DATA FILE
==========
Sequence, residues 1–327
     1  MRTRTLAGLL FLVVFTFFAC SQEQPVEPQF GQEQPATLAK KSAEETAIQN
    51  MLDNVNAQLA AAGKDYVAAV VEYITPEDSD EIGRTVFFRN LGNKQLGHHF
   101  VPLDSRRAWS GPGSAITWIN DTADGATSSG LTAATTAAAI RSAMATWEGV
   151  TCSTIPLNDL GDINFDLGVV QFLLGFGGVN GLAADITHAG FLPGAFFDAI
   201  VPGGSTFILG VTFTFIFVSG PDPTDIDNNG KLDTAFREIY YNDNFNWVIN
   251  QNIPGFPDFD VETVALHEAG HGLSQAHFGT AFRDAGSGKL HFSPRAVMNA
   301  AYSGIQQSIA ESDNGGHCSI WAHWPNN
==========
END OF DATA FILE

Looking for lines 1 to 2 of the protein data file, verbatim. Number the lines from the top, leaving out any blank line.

Sequence, residues 1–327
     1  MRTRTLAGLL FLVVFTFFAC SQEQPVEPQF GQEQPATLAK KSAEETAIQN